Joy

What never comes when called.
                                             What hides when held.
Guest
          most at home where least
                                              expected. Vagrant
balm of Gilead.
                               What, soon as here,
                                                             becomes
the body’s native ground and,
                                           soon as not,
its banishment.
                        Coming and going,
                                                   indifferent,
magisterial.
                   My lovely daughter—
walking me to the car
                                 to say goodbye
the day I left
                      to keep watch at my brother’s
bedside—
               suddenly
                            singing “I
feel pretty, oh so
                            pretty”
                                        as she raised
her arms up in a loose oval
                                        over her head
and pirouetted all along the walk.

Savage
          and magisterial—
                                     the joy of it,
the animal candor of
                                 each arabesque,
each leaping turn and counterturn,
                                                    her voice
now wobbly
                with laughter,
                                       “And I pity
any girl
             who isn’t me
                               tonight.”
Savagely beautiful,
                              not so much like
the lion that the camera
                                     freezes
                                                 in mid-
pounce, claws
                     outstretched for the stumbling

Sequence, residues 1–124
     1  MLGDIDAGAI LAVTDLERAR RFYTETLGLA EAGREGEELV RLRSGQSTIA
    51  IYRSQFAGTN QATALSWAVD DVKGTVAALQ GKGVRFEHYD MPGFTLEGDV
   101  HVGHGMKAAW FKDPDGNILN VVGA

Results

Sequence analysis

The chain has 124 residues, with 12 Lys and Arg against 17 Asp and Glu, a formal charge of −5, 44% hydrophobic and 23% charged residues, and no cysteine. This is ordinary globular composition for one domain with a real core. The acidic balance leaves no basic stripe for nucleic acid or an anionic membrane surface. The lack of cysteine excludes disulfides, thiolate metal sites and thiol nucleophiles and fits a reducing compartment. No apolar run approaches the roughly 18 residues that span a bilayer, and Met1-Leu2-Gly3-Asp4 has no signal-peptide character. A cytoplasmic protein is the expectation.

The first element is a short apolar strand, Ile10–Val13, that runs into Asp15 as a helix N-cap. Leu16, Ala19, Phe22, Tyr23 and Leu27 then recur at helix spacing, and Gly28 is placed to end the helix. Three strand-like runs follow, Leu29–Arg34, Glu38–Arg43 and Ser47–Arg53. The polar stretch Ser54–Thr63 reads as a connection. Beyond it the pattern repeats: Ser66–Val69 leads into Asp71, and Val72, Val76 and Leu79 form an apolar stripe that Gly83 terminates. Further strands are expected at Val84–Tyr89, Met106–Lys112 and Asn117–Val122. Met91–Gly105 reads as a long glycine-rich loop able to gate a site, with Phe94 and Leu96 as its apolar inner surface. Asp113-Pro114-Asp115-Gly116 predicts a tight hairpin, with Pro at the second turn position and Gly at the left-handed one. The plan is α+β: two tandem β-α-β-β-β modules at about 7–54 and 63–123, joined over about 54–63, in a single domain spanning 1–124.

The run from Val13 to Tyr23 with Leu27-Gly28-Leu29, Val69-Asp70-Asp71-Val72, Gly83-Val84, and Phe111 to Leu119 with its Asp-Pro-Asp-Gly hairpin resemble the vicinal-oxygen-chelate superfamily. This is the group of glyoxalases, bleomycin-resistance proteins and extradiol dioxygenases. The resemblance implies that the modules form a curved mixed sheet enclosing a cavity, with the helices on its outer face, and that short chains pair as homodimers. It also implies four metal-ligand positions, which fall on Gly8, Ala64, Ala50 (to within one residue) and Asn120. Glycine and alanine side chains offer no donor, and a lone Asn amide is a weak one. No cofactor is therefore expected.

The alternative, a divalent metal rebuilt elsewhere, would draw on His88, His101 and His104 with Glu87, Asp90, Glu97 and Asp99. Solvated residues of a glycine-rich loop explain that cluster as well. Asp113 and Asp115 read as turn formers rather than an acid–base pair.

antelope,
as like the herd
                         escaping
                                     that the camera
pans to, zig-
                     zagging,
                                  swerving as one,
their leaping strides now
                                       leaping higher,
                                                               faster,
even after,
                it seems,
                               the fear subsides—
after the fear and
                            the relief
                                             they keep
on running
                for nothing but
                                          the joy of running,
though
          it could be
                               any one of them
is running
                  from its fallen
                                           mother or father,
sister or brother,
                            across the wide
                                                      savanna,
under a bright sun
                              into fresher grass.

Alan Shapiro, “Joy” from Song and Dance. Copyright © 2002 by Alan Shapiro. Reprinted with the permission of Houghton Mifflin Company. All rights reserved, www.houghtonmifflinbooks.com.
Source: Song and Dance (Houghton Mifflin Harcourt, 2002)
More Poems by Alan R. Shapiro